XSS
)


Injection (SQL, Command)


Cross Site Request Forgery (
CSRF
)


Malware attack vectors from “bad” apps.


Information or identity theft


Eavsdropping


Financial attacks


Mobile
botnets


DoS

Attack against the mobile device


Operating system bug vulnerabilities

Mobile Security Attack Vectors


Software
-
Centric

18


Users don’t use security mechanisms
correctly.


Accepting non
-
authoritative TLS/SSL
certificates
.


Shoulder surfing


Social engineering attacks


Phishing


Device borrowing

Mobile Security Attack Vectors


User Layer

19

Mobile Security Risks

20


Open Web Application Security Project
(OWASP) Top 10 Mobile Risks
3


European Network and Information Security
Agency (ENISA) Top 10 Smartphone Risks
6


Based on the
OWASP

Top 10 Mobile Risks


Currently include more details of programming best
practices


Common Security Risk Lists

21

1.
Insecure
Data
Storage


Stand
-
alone,
client/server, possibly web browser
-
based

2.
Weak Server
-
Side Controls


client/server,
web browser
-
based

3.
Insufficient Transport
-
Layer Protection


client/server, web browser
-
based

4.
Client
-
Side Injection


Stand
-
alone
,
client/server
, possibly
web browser
-
based

5.
Poor
Authentication and
Authorization


Stand
-
alone
,
client/server
, possibly
web
browser
-
based





OWASP Top 10 Mobile Risks

22

6.
Improper Session Handling


client/server
, possibly
web browser
-
based

7.
Security
Decisions via Untrusted Inputs


Stand
-
alone
,
client/server
, possibly
web browser
-
based

8.
Side
-
Channel
Data Leakage


Stand
-
alone
,
client/server
, possibly
web browser
-
based

9.
Broken
Cryptography


Stand
-
alone, client/server

10.
Sensitive
Information Disclosure


Stand
-
alone
,
client/server
, possibly
web browser
-
based






OWASP Top 10 Mobile Risks
(continued)

23


Device Can Be Lost or Stolen


Device can be rooted or jail broken and data can be
extracted


All data on the device can be extracted even if
encrypted


Temporarily Loaned


All data on the device can be obtained quickly
without the knowledge of the device owner


Insecure Backup


Unencrypted backup could be made


To a user’s personal machine


To the cloud






Other Risks

24


App Installation


The installed apps could be malware


Key loggers


Transmit PII data to an attacker’s server


SMS text data to the attacker’s phone


Connections to Many
Untrusted

Networks


All transmitted data could be sniffed


Not always safe if 3G/4G is used, can switch to
unencrypted
WiFi

without the owner’s knowledge






Other Risks
(continued)

25

Differences Between Mobile and
Nonmobile

Applications

26


Mobile more likely to be lost or stolen than a desktop
machine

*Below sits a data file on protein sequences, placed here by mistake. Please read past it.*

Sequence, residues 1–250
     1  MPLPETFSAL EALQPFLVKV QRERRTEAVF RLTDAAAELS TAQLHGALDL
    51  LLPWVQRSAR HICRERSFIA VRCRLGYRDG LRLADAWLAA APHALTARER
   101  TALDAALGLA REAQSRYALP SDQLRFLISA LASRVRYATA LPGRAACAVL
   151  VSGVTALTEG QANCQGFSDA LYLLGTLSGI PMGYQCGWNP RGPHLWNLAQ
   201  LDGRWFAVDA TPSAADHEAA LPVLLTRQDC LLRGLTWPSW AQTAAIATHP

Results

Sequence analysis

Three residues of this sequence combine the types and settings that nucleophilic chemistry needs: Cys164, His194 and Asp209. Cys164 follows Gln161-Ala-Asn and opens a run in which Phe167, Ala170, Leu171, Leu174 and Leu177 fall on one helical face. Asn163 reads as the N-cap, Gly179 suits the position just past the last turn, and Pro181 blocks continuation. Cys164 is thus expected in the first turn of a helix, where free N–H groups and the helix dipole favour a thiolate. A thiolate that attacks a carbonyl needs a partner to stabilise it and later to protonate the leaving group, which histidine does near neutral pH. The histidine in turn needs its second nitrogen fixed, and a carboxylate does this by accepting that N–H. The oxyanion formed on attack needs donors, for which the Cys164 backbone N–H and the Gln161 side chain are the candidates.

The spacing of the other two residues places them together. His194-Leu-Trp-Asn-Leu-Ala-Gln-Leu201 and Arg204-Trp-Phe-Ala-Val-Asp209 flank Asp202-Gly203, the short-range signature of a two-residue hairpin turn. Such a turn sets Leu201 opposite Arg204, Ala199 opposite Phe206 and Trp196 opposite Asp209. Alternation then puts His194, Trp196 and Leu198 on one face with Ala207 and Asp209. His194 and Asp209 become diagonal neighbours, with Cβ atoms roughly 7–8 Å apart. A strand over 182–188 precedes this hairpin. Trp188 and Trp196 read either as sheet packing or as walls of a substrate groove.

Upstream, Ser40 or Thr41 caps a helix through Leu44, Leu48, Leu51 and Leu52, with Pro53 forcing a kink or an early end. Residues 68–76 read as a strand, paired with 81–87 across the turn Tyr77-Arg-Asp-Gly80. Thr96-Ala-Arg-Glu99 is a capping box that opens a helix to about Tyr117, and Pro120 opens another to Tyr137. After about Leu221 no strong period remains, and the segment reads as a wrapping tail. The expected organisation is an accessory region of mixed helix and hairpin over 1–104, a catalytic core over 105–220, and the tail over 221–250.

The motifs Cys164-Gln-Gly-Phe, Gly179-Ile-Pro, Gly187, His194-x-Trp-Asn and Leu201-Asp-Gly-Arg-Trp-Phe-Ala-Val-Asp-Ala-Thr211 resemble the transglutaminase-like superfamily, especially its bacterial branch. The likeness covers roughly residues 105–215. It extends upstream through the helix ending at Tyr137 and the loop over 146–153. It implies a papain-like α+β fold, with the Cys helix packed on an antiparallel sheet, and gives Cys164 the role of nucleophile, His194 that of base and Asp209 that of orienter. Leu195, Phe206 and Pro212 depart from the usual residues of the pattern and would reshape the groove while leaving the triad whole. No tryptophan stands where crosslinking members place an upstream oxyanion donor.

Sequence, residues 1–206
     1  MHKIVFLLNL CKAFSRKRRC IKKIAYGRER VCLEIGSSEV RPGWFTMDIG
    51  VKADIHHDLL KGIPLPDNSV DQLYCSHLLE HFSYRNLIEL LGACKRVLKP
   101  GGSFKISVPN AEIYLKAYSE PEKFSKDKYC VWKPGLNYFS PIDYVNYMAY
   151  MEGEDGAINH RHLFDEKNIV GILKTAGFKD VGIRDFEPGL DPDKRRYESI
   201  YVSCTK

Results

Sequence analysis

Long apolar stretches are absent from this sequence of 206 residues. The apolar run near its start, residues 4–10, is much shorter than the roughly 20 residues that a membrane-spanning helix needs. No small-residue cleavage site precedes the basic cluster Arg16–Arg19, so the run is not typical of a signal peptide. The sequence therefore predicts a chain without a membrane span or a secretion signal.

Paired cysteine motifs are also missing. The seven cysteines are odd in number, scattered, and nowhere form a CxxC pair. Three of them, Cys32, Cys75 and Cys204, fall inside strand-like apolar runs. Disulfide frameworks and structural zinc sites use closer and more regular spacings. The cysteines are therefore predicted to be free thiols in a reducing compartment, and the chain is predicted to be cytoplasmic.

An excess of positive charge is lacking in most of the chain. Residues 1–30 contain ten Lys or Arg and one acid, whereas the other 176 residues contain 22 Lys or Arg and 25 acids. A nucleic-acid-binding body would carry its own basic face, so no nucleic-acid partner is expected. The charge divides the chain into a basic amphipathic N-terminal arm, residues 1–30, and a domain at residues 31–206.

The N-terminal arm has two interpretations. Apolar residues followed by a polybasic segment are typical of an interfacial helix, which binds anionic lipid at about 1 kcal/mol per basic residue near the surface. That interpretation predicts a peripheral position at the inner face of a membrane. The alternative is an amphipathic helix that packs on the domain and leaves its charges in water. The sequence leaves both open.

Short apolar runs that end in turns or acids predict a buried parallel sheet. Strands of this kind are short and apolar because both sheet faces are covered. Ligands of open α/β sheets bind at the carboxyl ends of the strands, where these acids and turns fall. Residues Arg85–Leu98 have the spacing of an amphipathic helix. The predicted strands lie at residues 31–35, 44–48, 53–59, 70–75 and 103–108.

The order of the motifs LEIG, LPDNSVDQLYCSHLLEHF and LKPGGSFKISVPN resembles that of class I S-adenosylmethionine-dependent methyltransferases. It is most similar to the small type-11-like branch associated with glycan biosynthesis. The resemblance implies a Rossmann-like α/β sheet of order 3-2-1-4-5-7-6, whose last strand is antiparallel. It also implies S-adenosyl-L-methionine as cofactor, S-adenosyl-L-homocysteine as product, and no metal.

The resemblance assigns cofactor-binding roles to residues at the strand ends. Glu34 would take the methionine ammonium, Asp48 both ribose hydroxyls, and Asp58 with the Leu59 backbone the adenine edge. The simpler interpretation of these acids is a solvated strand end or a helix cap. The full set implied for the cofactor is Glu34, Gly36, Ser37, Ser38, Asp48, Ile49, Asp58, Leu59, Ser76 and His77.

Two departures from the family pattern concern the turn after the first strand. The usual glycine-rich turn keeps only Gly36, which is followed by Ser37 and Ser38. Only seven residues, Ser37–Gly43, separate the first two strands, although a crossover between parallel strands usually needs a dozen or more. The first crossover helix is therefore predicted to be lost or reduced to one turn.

Mobile devices might not be controlled by the IT
department


Can IT wipe an employee’s personal device?


What happens to sensitive data stored on an employee’s
personal device when the employee leaves?


Mobile devices can join many networks, not just the
one controlled by IT


App development environments could be significantly
different


Managed code (Java/
.Net
) versus unmanaged (Objective C)

Mobile versus
Nonmobile

27


The mobile security landscape is still in its
infancy and constantly changing.


Mobile devices are vulnerable to all of the
same attack vectors as
nonmobile

devices.


They are also vulnerable to many new, mobile
-
only attack vectors.


Mobile security issues are now at least being
discussed.

Conclusions

28


1

Wikipedia.
“Threat
(computer
).”
(2012, February).
Available at
http://en.wikipedia.org/wiki/Threat_(computer
)
. Accessed February 26, 2012.


2


NIST

SP 800
-
30 Rev. 1 Guide for Conducting Risk Assessments.” (2011, September).
Available at
http://csrc.nist.gov/publications/drafts/800
-
30
-
rev1/SP800
-
30
-
Rev1
-
ipd.pdf
.
Accessed
February 27, 2012.


3


OWASP

TOP Ten Mobile Risks.” (2012, February). Available at
https
://www.owasp.org/index.php/Projects/OWASP_Mobile_Security_Project_
-
_
Top_Ten_Mobile_Risks
. Accessed February 27, 2012.


4

“Definition Attack Vector.” (2004, September). Available at
http://searchsecurity.techtarget.com/definition/attack
-
vector
. Accessed
February 28, 2012.


5

Becher
, M
.,
F.C.

Fretling
,
J.
Hoffmann,
T.
Holz
,
S.
Uellenbeck
,
and C. Wolf. “Mobile
Security
Catching Up? Revealing the Nuts and Bolts of the Security of Mobile Devices
.” IEEE
Security
and Privacy, Oakland, May 2011
.


6


ENISA

Top Ten Smartphone Risks.” Available at
http://www.enisa.europa.eu/act/application
-
security/smartphone
-
security
-
1/top
-
ten
-
risks
.
Accessed February 28,
2012.






References

29

Mathematica
®
is a registered trademark of Mathematica Policy Research.


Please contact:


Glenn
J
ones


gjones@mathematica
-
mpr.com



For More Information

30